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News Links | May 5, 2020

May 05, 2020 by SBCTC Communications

System News | Opinion

WVC campuses closed through end of May

Wenatchee Valley College has extended the closure for both the main and Omak campuses through May 31st. According to the school, the process of reopening campus is expected to be gradual, and will happen in accordance with the governor’s plan to open businesses in phases. The residence hall does remain open, but social distancing measures are being implemented.
560 KPQ, May 4, 2020

Financial aid from the stimulus bill is on the way for college students hit by coronavirus, but some are getting left out

... Twenty-four hours after Bellevue College opened up applications to students for emergency funding, the office had been flooded with requests from 600 students, said Brenda Ivelisse, associate vice president of student affairs. ... Washington’s 34 community and technical schools educated about 363,000 students in 2018-19, but the full-time equivalent was about 170,000 students because so many go to school part-time. Washington’s public four-year universities and college educated about 150,000 undergraduate and graduate students.
The Seattle Times, May 4, 2020

Wenatchee Valley College graduations will be virtual

Wenatchee Valley College announced commencement ceremonies for both campuses will take place online this year due to COVID-19 safety concerns. The virtual graduation ceremonies will feature students and speakers as well as photos and videos. WVC will be using Zoom as the platform for the ceremonies. Students set to graduate in 2020 are also invited to walk at the in person ceremony in 2021.
560 KPQ, May 3, 2020

TCC to begin distribution of CARES Act funds to students

Tacoma Community College (TCC) will receive $3,835,874 from the Federal Government as a result of the CARES Act, which is disbursing emergency aid to help colleges and other organizations across the country deal with financial concerns related to the COVID-19 outbreak. The first half of the funding has arrived this week. As stipulated by the CARES Act, the initial payment of almost $2 million will be distributed directly to students, who will be able to apply for funds starting the week of May 4.
The Suburban Times, May 3, 2020

Bellevue College interim president finalists detail how they’ll guide college out of crisis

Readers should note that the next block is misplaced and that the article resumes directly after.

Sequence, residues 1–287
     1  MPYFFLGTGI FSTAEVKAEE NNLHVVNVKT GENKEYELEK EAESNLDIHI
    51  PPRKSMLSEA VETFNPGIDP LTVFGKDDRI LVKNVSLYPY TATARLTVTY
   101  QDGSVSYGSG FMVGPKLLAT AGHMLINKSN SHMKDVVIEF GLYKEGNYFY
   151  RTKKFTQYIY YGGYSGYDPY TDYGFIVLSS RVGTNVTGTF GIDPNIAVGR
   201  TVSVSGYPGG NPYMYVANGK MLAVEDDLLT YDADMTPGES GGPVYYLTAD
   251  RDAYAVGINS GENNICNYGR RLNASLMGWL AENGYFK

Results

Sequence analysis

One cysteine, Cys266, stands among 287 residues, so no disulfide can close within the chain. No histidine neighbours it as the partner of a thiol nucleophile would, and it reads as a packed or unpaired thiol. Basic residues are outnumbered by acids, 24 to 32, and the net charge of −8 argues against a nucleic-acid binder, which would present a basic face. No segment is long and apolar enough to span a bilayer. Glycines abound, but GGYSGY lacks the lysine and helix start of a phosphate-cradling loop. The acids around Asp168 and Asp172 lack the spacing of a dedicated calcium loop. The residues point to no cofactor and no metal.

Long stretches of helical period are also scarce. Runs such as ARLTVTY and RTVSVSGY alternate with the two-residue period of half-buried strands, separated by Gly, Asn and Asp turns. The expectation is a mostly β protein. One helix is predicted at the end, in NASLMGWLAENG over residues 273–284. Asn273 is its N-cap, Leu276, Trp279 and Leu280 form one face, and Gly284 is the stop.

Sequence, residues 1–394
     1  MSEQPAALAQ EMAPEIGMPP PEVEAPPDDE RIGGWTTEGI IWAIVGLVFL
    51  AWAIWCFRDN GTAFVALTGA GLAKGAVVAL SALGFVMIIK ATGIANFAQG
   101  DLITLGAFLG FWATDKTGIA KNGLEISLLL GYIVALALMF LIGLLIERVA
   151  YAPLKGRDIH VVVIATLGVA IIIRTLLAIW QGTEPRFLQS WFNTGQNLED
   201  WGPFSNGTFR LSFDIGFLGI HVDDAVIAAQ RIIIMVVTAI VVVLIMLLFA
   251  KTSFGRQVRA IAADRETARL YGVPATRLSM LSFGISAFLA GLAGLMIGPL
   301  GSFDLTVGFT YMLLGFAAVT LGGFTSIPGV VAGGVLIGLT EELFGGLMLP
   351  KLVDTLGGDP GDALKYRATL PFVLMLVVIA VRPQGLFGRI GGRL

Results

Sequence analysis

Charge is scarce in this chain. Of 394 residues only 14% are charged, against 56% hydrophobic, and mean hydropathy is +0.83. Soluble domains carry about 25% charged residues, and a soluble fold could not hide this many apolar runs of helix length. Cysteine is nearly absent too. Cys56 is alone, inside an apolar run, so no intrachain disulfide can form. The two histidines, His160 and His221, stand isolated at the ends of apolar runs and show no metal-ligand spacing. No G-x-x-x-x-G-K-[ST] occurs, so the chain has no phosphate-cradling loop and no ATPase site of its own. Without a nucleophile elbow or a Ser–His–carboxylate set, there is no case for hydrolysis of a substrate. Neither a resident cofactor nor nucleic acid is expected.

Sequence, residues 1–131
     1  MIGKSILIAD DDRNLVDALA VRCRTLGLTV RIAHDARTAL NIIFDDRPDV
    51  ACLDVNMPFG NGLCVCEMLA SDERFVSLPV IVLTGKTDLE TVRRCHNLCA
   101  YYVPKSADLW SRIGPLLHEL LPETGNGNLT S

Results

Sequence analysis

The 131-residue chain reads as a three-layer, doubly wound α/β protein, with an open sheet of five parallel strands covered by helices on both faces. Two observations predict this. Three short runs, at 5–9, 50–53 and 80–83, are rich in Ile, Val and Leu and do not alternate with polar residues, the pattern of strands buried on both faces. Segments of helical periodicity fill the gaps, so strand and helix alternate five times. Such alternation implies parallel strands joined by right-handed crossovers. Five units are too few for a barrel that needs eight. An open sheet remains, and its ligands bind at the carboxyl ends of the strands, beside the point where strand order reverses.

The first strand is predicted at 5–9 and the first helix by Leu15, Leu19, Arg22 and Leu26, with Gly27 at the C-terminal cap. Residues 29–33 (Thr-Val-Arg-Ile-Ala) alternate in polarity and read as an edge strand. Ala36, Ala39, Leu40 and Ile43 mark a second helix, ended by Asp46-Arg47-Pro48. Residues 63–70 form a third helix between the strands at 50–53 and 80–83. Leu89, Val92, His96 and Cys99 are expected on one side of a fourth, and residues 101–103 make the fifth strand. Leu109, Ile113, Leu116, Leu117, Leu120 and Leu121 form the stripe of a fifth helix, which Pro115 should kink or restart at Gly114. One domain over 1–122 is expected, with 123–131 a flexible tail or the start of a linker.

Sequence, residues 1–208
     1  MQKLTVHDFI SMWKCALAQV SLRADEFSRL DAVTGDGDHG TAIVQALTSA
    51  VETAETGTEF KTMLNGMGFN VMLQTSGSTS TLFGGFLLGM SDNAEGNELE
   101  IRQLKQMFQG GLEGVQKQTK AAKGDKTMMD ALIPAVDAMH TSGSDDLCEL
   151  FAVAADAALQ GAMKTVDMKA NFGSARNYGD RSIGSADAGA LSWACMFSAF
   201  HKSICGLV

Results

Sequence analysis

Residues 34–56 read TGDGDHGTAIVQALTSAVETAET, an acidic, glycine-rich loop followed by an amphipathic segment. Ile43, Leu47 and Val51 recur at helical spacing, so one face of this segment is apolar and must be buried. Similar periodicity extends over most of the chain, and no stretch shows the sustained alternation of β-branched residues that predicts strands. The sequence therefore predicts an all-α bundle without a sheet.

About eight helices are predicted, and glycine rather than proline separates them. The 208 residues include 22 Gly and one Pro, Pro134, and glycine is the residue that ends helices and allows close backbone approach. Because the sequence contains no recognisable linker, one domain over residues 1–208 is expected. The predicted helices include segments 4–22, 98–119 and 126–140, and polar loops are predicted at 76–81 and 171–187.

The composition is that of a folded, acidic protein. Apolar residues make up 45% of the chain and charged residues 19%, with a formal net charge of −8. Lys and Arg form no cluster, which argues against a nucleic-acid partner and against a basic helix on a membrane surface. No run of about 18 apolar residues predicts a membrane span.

In all-campus Zoom meetings this week, the three finalists for Bellevue College interim president were asked several questions with a theme: Bellevue College is in a crisis, both internally and externally. The internal crisis referred to the defacement of a mural in February, a controversy that led to the resignations of both the college’s president and one of its vice presidents. The external crisis is the COVID-19 pandemic that forced the Eastside school to hold remote courses for its 29,000 students for the remainder of the academic year.
The Seattle Times, May 2, 2020

Confirmed COVID-19 case at CBC

Message from the president of CBC: Hello Students - Columbia Basin College has received confirmation that one of our employees has tested positive for COVID-19. The employee was last on the CBC Pasco campus on Friday, April 24, while they were providing essential services. They have been home in self-quarantine since then. Their on-campus contacts were limited as classes were moved online on March 17 with the majority of employees, services and functions operating remotely since that time.
NBC Right Now, May 1, 2020

Community Foundation fund seeks to ease college budgets

... Clark College Foundation Chief Advancement Officer Joel B. Munson said the two grants from the COVID Response Fund will provide relief specifically for students who are ineligible for CARES Act support, including some of the college’s underrepresented, low-income and first-generation students. ... Lower Columbia College (LCC) also received a COVID Response Fund grant for its Student Success Fund, which supports all basic needs, including childcare costs, the foundation said.
The Reflector, May 1, 2020

Centralia College president says biggest concerns include budget cuts, enrollment in virtual town hall

At a virtual town hall Wednesday afternoon, Centralia College President Dr. Bob Mohrbacher gave an update on the happenings at the college and answered questions from faculty and students, including questions about graduation, state funding, and the upcoming summer and fall quarters. Mohrbacher gave an update to the 55 meeting attendees about receiving CARES Act funding— funding directed to universities to help students who need assistance paying for their education after feeling the effects of the COVID-19 outbreak.
The Daily Chronicle, April 30, 2020

I put people on mechanical ventilators. Here's what I've seen

Voices of the Pandemic features people in the Seattle area on the front lines of the coronavirus outbreak. Scott Mahoney is a respiratory therapist, in a Seattle area hospital. Part of his job is to put people on ventilators. He also teaches clinical education at Seattle Central College, and is a director of the Respiratory Care program there.